Israeli Prez Peres Must Carry Palestinian Answers to Brazil
By Jose Roy
9 November 2009
Israeli President Shimon Peres should have answers to the Palestinian issues during his Latin American sojourn if he aspires to strengthen ties with them, particularly, in light of growing opposition in Brazil over the ratification of Mercosur-Israel FTA. A Parliamentary Commission on Foreign Relations and National Defence has recommended to the Brazilian parliament in September not to ratify Mercosur-Israel FTA until “Israel accepted the creation of the Palestinian state on the 1967 borders”.
Peres will visit Brazil and Argentina from 10 to 15 November accompanied by Tourism Minister Stas Misezhnikov and Communications Minister Moshe Kahlon, and about 40 business people aimed at boosting diplomatic and trade ties with Mercosur member states. The visit is also intended to position Israel above Iran among the South American nations as Iran is gaining political and commercial significance in the region. Israel sees Iran as the greatest neighbourhood threat since the latter, which nurses nuclear ambitions, is the most vociferous for the Palestinian cause from the Arab world.
Another key reason for Perez to visit the region is the dwindling export figures from Israel to the Latin American soil. Israeli exports to Brazil marked a low of $499mn for the first three quarters of the year with a dip of over 52 percent from the previous year. The Israel Export Institute estimates that for the year, exports to Brazil will be around $670mn, a slide of 43 percent. Similarly, exports to Argentina fell by 45 percent between January and September, reaching only $54m.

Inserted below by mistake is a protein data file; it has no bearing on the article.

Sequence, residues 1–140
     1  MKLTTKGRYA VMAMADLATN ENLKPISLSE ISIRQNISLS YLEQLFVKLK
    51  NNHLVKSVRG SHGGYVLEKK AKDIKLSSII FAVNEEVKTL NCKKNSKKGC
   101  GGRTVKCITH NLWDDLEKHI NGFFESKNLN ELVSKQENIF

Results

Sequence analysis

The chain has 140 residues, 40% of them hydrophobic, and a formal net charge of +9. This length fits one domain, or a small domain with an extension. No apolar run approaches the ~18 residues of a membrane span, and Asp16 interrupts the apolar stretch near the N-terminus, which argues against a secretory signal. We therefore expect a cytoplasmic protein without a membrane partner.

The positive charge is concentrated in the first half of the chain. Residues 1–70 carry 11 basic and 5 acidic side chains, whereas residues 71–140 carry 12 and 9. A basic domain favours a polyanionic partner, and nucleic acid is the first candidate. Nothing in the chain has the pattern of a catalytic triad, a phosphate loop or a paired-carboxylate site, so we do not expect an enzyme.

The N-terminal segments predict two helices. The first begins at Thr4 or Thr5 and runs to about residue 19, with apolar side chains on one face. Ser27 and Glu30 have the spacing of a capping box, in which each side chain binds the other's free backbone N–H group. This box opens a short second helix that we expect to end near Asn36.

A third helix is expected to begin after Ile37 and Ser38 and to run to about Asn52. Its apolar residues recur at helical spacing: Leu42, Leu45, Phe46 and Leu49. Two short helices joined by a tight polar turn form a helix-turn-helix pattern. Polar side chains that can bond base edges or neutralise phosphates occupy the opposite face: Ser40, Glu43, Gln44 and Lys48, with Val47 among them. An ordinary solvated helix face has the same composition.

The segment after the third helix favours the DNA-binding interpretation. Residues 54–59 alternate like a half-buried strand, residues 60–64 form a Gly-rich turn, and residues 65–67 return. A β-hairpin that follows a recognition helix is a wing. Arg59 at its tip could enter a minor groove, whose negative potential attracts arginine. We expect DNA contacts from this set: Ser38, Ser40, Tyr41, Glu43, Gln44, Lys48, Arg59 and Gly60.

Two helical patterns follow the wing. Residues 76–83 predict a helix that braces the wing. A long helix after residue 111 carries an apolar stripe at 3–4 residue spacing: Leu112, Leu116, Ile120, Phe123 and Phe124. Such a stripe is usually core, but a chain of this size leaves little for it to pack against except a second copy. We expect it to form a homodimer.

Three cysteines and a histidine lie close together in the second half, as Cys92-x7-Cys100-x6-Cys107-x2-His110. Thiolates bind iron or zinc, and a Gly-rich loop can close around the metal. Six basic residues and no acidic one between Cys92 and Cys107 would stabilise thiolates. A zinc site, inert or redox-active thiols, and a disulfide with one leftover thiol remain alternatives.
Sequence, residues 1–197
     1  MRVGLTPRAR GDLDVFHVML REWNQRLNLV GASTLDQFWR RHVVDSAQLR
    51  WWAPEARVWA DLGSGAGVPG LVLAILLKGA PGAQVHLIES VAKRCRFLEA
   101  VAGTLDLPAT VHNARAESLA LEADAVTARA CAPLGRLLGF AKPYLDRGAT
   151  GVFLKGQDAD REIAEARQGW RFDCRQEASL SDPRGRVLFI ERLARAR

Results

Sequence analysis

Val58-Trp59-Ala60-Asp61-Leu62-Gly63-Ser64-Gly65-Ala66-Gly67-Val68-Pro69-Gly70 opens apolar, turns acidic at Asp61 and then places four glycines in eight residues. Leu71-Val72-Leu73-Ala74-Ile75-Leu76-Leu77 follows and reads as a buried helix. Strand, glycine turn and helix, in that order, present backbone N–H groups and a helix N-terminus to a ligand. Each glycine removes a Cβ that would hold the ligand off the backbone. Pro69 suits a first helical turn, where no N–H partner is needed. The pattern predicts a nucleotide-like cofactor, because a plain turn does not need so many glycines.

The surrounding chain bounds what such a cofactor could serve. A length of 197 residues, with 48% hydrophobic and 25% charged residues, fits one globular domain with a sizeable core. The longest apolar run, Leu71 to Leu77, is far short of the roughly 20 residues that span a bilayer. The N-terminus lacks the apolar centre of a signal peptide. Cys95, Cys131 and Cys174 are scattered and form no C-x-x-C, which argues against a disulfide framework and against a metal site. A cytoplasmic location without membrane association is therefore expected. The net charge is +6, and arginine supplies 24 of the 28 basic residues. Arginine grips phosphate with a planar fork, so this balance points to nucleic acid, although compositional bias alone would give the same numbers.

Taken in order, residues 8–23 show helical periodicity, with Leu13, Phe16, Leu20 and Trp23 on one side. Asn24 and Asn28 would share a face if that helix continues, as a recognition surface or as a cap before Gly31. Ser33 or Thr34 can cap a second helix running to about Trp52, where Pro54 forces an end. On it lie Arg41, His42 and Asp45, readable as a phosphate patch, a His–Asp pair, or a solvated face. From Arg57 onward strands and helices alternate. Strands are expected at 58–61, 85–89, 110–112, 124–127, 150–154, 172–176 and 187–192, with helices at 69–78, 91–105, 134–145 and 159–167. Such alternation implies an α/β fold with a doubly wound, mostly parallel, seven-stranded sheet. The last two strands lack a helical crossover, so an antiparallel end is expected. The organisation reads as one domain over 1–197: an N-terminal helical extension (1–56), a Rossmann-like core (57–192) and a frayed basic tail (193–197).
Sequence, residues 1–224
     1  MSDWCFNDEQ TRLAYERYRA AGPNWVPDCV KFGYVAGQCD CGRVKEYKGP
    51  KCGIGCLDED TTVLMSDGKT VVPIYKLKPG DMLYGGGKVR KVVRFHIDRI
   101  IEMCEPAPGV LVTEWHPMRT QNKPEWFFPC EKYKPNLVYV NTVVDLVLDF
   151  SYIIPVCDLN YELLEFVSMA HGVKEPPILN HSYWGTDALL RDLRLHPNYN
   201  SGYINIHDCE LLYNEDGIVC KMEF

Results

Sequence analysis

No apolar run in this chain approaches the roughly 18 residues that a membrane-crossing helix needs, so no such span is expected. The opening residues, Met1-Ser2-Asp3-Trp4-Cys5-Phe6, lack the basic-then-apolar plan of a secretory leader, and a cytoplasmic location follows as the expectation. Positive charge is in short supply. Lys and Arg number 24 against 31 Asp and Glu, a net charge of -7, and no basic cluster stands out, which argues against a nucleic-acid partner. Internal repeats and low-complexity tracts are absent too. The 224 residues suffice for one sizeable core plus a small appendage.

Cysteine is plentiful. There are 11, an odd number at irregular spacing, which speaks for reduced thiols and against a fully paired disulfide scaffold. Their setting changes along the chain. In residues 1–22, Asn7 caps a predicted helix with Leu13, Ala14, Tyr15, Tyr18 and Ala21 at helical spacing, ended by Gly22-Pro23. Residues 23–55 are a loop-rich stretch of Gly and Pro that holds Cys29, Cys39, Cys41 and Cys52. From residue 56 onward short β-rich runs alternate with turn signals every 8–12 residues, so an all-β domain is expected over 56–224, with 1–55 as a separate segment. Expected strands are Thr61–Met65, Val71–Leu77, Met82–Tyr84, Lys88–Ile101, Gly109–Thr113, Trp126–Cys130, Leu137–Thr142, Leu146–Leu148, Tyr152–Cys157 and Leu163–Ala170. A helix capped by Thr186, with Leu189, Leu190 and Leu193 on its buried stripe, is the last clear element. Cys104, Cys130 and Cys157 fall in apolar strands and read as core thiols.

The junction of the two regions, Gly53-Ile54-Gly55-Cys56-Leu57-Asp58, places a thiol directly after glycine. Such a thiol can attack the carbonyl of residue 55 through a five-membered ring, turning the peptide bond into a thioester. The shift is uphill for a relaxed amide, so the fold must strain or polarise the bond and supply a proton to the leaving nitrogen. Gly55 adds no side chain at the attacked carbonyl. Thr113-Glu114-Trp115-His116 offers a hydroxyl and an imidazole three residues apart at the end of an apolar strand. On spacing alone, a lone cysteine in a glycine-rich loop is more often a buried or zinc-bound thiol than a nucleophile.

Israel’s foreign trade with the Mercosur member states is about $2bn in 2008. Imports was about $540mn, including $294mn from Brazil and $150mn from Argentina. Exports totalled around $1.36bn, with $1.17bn to Brazil (mostly fertilizers and agrochemical products) and $125mn to Argentina.
Brazil is the largest partner of the South American bloc that comprises of Argentina, Paraguay and Uruguay besides it. The trade group represents the fifth largest economy in the world, and Brazil is the third largest trade partner to Israel.
Perez’ trip also emphasizes the fact that Israel is planning to offset the losses in the European markets due to boycotts, sinking demand from North America and increasing disconnect with the Arab world. Hence, the ratification of Mercosur-Israel FTA by Brazil means a lot to Israel which remains a major hurdle for the implementation of the deal, since signing it in 2007.